So who is Ward Churchill and why is his story important?
is an American writer and political activist. He was a professor of ethnic studies at the University of Colorado at Boulder from 1990 to 2007. The primary focus of his work is on the historical treatment of political dissenters and Native Americans by the United States. His work features controversial and provocative claims, written in a direct – often confrontational – style.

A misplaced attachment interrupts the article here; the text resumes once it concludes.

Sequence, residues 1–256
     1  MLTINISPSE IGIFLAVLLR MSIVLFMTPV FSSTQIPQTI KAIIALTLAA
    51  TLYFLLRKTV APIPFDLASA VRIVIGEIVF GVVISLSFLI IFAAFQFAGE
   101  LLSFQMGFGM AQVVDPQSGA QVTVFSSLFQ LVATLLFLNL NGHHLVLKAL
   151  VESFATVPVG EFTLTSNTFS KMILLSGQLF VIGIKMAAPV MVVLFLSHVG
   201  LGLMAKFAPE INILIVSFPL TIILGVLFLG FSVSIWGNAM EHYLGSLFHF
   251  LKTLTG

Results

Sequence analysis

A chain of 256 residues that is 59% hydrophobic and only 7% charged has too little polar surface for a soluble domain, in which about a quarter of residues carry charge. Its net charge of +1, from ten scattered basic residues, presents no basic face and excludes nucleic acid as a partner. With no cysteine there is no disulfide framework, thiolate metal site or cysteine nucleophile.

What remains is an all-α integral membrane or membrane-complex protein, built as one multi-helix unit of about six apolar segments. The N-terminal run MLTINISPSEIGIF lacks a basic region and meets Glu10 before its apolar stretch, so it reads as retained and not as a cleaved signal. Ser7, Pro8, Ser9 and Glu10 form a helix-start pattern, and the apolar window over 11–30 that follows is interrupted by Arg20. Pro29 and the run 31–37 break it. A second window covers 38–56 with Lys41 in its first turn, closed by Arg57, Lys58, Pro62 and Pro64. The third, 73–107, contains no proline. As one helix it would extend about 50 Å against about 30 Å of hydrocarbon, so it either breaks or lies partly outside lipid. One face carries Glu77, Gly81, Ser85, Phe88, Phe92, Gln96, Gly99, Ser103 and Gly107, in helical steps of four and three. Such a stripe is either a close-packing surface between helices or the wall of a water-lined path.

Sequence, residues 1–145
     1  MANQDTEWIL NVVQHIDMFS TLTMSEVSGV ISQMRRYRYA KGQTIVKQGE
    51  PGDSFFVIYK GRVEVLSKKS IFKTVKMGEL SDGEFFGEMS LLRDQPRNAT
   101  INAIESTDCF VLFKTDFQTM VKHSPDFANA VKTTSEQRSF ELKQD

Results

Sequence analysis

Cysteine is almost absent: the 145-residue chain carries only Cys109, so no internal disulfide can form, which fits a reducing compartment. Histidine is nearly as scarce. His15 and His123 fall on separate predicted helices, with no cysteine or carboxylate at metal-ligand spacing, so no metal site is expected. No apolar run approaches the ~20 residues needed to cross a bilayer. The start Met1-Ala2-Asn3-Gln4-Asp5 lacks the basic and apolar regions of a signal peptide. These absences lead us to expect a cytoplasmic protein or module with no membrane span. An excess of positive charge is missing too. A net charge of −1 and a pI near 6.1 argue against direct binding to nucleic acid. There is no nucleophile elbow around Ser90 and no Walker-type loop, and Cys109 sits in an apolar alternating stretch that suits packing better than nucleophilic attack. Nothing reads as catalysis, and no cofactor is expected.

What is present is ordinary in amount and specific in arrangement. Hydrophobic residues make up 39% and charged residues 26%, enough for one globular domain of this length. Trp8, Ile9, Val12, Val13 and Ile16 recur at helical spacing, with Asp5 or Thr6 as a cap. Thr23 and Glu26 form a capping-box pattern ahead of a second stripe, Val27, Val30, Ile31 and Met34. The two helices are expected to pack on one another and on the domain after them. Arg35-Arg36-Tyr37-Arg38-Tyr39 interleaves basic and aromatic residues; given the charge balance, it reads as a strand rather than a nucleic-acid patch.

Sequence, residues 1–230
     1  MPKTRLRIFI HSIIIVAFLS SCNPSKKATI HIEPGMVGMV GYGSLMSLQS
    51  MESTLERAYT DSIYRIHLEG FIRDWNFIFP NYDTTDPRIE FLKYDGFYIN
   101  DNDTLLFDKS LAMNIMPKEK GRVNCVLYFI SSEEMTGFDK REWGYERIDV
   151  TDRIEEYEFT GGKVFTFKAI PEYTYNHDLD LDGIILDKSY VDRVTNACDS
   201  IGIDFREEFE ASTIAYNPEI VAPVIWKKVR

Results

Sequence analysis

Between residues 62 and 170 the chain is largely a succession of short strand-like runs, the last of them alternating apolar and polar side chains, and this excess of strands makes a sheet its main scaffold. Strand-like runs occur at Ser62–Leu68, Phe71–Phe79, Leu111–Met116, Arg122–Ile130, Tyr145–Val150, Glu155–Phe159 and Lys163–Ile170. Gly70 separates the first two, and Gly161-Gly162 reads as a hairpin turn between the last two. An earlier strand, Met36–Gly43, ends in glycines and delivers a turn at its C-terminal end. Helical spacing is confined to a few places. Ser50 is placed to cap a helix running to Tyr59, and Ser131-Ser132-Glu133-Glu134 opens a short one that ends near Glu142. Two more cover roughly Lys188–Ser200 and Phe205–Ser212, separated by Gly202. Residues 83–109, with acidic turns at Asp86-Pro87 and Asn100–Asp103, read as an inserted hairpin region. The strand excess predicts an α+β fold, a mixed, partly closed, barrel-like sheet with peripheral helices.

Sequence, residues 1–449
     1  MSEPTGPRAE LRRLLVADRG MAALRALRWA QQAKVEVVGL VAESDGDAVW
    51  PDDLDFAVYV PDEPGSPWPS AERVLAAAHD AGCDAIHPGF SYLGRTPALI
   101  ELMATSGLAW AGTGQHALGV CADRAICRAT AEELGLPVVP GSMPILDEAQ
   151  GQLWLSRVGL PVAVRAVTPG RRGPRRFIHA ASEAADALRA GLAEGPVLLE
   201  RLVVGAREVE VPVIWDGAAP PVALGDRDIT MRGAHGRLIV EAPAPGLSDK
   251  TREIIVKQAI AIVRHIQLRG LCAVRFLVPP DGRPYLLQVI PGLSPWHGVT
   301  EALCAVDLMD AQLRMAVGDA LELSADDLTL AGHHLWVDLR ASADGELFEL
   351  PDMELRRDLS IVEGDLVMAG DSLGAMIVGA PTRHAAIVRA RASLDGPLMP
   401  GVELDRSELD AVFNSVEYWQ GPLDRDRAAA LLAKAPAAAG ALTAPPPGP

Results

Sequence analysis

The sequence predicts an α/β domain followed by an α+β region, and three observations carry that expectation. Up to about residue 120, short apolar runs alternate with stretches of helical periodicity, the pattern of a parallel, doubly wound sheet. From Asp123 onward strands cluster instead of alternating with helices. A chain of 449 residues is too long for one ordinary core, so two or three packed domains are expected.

In January 2005, Churchill’s work attracted publicity, with the widespread circulation of a 2001 essay, On the Justice of Roosting Chickens. In the essay, he claimed that the September 11, 2001 attacks were provoked by U.S. policy, and referred to some people working in the World Trade Center as “technocrats” and “little Eichmanns“. In March 2005 the University of Colorado began investigating allegations that Churchill had engaged in research misconduct; it reported in June 2006 that he had done so. Churchill was fired on July 24, 2007, leading to a claim from some scholars that he was fired over the ideas he expressed. Churchill filed a lawsuit against the University of Colorado for unlawful termination of employment. In April 2009 a Denver jury found that Churchill was wrongly fired, awarding him $1 in damages.